Tuesday, June 9, 2009

Prancing Ants and Panting crows

Greetings All,

Our picture today, from the ongoing "When life give you Lemoniers, make Lemoniade" series, is of the sun, at about 6 pm, setting to the west of CLU-ville.  Actually, since the CLUs are in blocks by letter, with "A" furthest west and "F" furthest east, many on camp call this area "Fomalia".  What prompted me to take the picture is the peculiar aspect of old Sol.  The filtering here is through the haze of suspended particulate matter - smoke from diesel engines and the dump to the south combined with dust - and fog that envelopes us on many days.  I know it will appear that the dimness and peculiar cast of the light is a phenomenon of approaching sunset, but it is in fact not uncommon for the sun to appear tiny, distant and brownish all day.  One might think that this would be accompanied by a diminution of the heat, like when a fog rolls over our house in Ocean Beach, but the better model here is the planet Venus, where the thick atmosphere traps the sun's heat and renders the planet's surface a searing, inhospitable wasteland.  Just add CLU's, the internet and a galley and you'd have Camp Lemonnier!

Recent doings by your HOA correspondent include another trip to Peltier, where I worked with Dr. Assam, the Egyptian anesthesiologist.  He's a very nice fellow, with reasonably good english (certainly better than my French).  We passed a pleasant few hours discussing Egyptian medical training in comparison to that in the US and Canada.  In a nutshell, the Egyptians (as voiced by this representative) are quite proud of their medical establishment and accomplishments,  but are unable to or uninterested in support for research based academic medicine as is characteristic of university based North American programs.  For that reason, a chance to study in the US (or England - not so much France, I was assured) is highly prized by physicians from Egypt and environs.    The discussion was interesting and quite collegial, but I did find myself in an odd sort of bind.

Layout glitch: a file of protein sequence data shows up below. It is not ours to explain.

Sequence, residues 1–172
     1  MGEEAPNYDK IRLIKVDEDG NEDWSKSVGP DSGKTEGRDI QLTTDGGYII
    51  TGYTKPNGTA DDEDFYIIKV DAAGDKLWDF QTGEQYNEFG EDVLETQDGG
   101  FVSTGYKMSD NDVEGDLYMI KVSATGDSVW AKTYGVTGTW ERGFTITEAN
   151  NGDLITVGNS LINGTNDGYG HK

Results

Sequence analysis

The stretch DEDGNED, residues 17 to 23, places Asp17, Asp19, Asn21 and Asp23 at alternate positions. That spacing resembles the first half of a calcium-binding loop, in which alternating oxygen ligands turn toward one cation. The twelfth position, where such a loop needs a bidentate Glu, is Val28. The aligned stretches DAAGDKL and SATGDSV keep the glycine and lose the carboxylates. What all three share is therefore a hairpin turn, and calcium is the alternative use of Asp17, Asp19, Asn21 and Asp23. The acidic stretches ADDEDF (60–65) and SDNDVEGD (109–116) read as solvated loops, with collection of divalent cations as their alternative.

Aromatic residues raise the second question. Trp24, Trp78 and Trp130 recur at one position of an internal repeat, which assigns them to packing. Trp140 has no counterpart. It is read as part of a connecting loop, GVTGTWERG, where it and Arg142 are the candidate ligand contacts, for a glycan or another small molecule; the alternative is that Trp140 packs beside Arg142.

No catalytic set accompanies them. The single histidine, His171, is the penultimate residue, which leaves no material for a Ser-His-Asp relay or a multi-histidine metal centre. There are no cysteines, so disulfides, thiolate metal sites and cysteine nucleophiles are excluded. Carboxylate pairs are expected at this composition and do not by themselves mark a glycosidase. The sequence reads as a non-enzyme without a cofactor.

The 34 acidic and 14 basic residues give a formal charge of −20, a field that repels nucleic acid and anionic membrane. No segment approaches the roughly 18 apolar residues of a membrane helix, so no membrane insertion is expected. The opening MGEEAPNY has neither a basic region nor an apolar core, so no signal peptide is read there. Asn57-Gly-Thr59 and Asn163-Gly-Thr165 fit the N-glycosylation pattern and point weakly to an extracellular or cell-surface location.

As you might imagine - and I'll send along OR pictures some time - the nature of the practice of medicine, surgery and anesthesia is a much more rudimentary affair here than where I work.  For that reason, I'm interested in the choices the folks here make in providing care - why this instead of that - as it provides me some guidance in my somewhat more austere setting back at base (apples and oranges - but those are both fruits, after all).  It was difficult though to ask  questions without seeming to criticize the practice here.  Thus, "Do you give pre-operative antibiotics to your patients?", seems to come across as an implied slight on their clinical conduct.  It is interesting to what extent one becomes a symbol of the culture or the profession when in a foreign place, and the status of US medicine - despite the ongoing debates about how we must change - as a paragon of medical modernity and virtue gives that symbolism a real power.  It must be somewhat like being a citizen of the Roman Republic must have been in the hinterlands of the Middle Sea in the days of the Caesars - the mere fact of membership in the ranks of dominant empire lending weight to one's judgments and questions.   In any event, it was an educational day and I shall look forward to more such.